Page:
Pride. It is considered one of the seven deadly sins, along with avarice, sloth, lust, gluttony, laziness, and envy. So why would LiM2 suggest being proud as a skill for your messy, marvelous life? (And don’t yell too loudly yet. Having humility will be a LiM2 skill, too, one of these weeks.)
My husband and I were taught to take pride in family and country by our parents. Three of the four of our parents are immigrants, and when they came to America as children and young adults they came because their parents wanted to invest in a new country. They wanted a chance to make a better life for the family. And so they were willing to struggle, to find new connections, to learn a new language, and make a home here, in a new country. And they were proud. Proud that they had made it. Proud that they fought for their new country. Proud that they raised children in America. Proud that their children did better than they did, educationally and socio-economically. There was a lot of pride.
I don’t think it was the kind of pride that is one of the seven deadly sins. It wasn’t inordinate amounts of inaccurate self-esteem. It was accurate self-esteem. They HAD made it. They HAD struggled. They HAD literally laid down their lives (and all of their money) to make it here in America. They had taken great risks and they had made it. That was the truth. They were, shall I say, justifiably proud.
And what did their pride instill in me? Respect for my elders and in myself. I expect myself to live and act a certain way. Respect for my things. I try to be a good steward and take care of what has been given to me. Respect for my community. I want to be involved and invested, contributing what feels right. Respect for others. I make an effort to treat others as I would want to be treated.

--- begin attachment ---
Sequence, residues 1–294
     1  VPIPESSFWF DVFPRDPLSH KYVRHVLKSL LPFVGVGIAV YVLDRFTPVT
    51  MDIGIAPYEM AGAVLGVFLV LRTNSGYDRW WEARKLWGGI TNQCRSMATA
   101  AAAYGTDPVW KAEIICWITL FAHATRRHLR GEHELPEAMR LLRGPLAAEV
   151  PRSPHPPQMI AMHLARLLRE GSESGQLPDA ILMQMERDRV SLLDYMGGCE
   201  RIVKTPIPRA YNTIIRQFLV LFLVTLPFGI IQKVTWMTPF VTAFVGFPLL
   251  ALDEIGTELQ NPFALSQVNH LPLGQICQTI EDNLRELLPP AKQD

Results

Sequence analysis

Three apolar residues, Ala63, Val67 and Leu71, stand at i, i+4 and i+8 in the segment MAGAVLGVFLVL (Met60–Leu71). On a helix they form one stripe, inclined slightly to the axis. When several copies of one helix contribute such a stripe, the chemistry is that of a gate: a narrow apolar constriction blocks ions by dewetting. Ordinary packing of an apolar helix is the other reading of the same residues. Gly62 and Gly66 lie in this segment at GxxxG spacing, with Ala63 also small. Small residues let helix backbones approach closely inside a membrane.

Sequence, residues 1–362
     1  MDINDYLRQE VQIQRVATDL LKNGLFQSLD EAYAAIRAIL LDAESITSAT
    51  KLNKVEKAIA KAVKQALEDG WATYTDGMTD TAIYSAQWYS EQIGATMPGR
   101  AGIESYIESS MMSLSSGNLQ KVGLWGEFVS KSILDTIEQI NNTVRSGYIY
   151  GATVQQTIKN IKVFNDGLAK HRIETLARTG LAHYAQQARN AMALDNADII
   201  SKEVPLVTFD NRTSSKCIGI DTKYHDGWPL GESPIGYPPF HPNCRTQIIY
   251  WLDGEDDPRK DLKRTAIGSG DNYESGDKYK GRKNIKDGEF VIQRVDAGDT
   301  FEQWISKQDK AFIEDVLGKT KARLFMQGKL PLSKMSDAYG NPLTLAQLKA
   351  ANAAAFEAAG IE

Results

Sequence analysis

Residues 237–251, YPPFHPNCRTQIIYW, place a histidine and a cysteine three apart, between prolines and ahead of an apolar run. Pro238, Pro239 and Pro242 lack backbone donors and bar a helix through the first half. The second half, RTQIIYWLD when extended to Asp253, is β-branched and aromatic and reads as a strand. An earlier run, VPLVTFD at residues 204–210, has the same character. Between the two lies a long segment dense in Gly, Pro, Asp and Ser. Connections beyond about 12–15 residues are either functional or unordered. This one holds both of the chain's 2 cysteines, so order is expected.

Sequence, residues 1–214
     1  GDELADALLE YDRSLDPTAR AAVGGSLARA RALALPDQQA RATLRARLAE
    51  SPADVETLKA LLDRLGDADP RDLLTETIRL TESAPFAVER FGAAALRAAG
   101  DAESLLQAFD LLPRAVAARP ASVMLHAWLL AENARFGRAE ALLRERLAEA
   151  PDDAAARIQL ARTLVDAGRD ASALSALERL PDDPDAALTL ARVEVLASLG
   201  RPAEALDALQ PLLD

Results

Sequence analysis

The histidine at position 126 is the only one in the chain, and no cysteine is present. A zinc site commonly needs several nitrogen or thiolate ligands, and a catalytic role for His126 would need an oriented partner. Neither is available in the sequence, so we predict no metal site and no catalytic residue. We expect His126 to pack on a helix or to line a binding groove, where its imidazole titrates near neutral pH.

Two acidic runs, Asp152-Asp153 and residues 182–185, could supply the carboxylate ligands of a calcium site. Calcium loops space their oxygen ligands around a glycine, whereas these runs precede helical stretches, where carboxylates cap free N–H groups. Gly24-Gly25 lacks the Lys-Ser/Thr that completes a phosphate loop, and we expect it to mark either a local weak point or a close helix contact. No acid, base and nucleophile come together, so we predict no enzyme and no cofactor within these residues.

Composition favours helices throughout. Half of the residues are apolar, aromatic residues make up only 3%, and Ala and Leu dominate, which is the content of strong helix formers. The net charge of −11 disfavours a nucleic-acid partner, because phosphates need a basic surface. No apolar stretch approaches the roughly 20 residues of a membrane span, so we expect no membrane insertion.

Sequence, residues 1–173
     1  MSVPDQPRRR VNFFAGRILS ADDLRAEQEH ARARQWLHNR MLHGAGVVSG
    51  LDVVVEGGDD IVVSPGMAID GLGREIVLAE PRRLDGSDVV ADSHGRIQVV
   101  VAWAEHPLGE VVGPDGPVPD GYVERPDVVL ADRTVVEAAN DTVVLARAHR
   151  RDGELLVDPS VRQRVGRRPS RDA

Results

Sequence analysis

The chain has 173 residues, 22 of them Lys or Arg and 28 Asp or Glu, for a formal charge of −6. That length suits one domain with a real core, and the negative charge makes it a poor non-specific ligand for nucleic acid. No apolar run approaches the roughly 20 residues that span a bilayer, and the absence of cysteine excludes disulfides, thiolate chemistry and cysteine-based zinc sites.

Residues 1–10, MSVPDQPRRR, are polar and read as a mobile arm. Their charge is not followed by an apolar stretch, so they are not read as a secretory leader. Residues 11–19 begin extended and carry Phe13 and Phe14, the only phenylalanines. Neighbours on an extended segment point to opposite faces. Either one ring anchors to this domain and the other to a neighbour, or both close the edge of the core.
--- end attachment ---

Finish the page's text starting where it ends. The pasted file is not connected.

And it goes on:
Charleston, South Carolina, the Holy City, has shown the world how to respond to hate.
Living in South Carolina during the past two weeks has reminded me of what it feels like to take pride in a place you live. I have felt justifiably proud of my state and its people the past few weeks. Charleston, South Carolina, the Holy City, has shown the world how to respond to hate. The leaders of that city, both church and community leaders, spoke strongly and clearly to their constituents: we will not return violence with violence. The rest of the state joined them. People left their comfort zones and joined together to support the victims of the massacre, to support the community of Charleston, and to make a statement. I did that, and I am proud of all of us for joining together. We actually DID something, and we are justifiably proud of that.
If we are to have healthy pride in something, we should be able to point to congruent action. Otherwise the pride is just a sentimental feeling or a downright falsehood. And pride is never a destination. It is part of the journey. We must always follow our feeling of pride with actions that continue to give congruence to that very feeling. What can I DO, what can YOU DO, when you have pride in something? You can begin by noticing and naming that of which you are proud. I am proud of my state because they did not return violence for violence. I must continue to practice not returning violence for violence. I am proud of myself for speaking my truth in a situation that made me feel very vulnerable. I must continue to practice that. I am proud of my church this week, as well, for taking a stand that is congruent with what we believe is the gospel. We will continue to have much work ahead of us. Perhaps we feel proud of a child when we see them modeling what we are trying to teach them, or perhaps even more so when they teach us something important, when they remind us of something we have overlooked or forgotten. The job of parenting is never done.
So practice having accurate, justifiable pride. Continue to follow that sense of pride with congruent action. Feel deep respect for your capacity and potential, individually and as part of the larger community.
Be proud. Because life is messy, life is marvelous.